In lung and ovarian cancer cells, Semaphorin 3B (Sema3B) expression decreases colony formation, proliferation, and even tumorigenicity in murine xenograft experiments [42,115]. Similarly, Sema3B was shown to induce apoptosis in cancer cells, in particularly by blocking VEGF-binding to the NRPs [116,117] (Table 2). Moreover, NRP1-Sema3B interactions induce high level of IL-8 in tumor cells, leading to a massive monocyte/macrophage recruitment, promoting invasion and metastasis formation [118]. As a consequence, when sema3B is inhibited using RNA interference and IL-8 neutralized with blocking monoclonal antibodies, a decrease of invasion and metastasis is observed in murine xenograft experiments [118] (Table 2).

4.1.3. Semaphorin 3F

First observations that Semaphorin 3F (Sema3F) might have a role in cell motility and cell invasion was suggested by Brambilla and colleagues, in lung cancer cells [119]. Then, some studies reported that Sema3F can even induce apoptosis in cancer cells as well as tumor suppression in various xenograft experiments. Indeed, transfection of Sema3F in the murine fibrosarcoma cell line A9 and in HEY ovarian cell line suppresses tumor formation in nude mice, whereas no effect was observed after transfection of Sema3F in the small cell lung cancer cell line GLC45 [120]. When nude rats were orthotopically implanted with lung cancer cells transfected or not with Sema3F gene, all animals injected with cells expressing sema3f survived to 100 days whereas all the other rats died [121] (Table 2).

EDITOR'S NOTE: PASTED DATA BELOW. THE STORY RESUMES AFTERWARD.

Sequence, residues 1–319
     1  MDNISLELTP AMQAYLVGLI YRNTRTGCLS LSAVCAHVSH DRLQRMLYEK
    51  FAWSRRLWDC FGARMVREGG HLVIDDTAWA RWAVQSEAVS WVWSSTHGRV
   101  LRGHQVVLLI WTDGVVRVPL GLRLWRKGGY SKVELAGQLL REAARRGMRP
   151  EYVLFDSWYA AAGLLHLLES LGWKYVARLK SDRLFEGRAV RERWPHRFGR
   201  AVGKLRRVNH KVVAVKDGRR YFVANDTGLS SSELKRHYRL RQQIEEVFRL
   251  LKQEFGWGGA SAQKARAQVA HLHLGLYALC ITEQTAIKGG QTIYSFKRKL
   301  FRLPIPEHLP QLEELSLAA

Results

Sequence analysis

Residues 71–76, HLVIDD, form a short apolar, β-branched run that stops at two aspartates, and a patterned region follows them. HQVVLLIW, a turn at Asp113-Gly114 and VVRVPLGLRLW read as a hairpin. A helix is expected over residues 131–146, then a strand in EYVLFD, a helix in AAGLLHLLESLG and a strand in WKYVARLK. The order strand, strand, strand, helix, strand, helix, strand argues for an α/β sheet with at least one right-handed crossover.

A role of Sema3F in tumor angiogenesis was then suggested. Implantation of BHK-21 (Baby Hamster Kidney-21) cells transfected with Sema3F concomitantly with cells producing VEGF-165 inhibited tumor-related angiogenesis in mice whereas no effect on angiogenesis was observed when BHK-21 cells transfected with empty vector were implanted with the same VEGF-165 producing cells [122]. Moreover, Sema3F transfection in the renal cell line HEK293 induced smaller tumors and a poorly-vascularized phenotype in xenograft experiments [122]. As a consequence, Sema3F and VEGF were rapidly considered to generate opposite activities. In fact, in highly metastatic melanoma cells, Sema3F completely inhibits metastasis in vivo and decreased the number of intra-tumor vessels, suggesting that Sema3F has huge potential in anti-angiogenic and anti-metastasis therapies [123] (Table 2). In addition, Sema3F can represent a powerful inhibitor of melanoma cell proliferation through its relation with NRP receptors [124].

Moreover, Sema3F blocks cell attachment and spreading in MCF7 and C100 breast cell lines, this effect depending on its interactions either with NRP1 or NRP2 [125] (Table 2).

4.1.4. Semaphorin 3E

Although most class 3 semaphorins are considered to be TSG, it appears that others support opposite activities. Indeed, Semaphorin 3E (Sema3E) is described as an enhancer of tumor growth and metastasis in vitro and in vivo in xenograft experiments using breast cancer cells [126] (Table 2).

4.2. Cooperation with Growth Factor Receptors

4.2.1. VEGFRs

Further investigations of neuropilin-dependent molecular pathways suggested that neuropilins contribute to tumor growth and angiogenesis through their cooperation with both VEGFR receptors, VEGFR1 and VEGFR2 (Figure 4).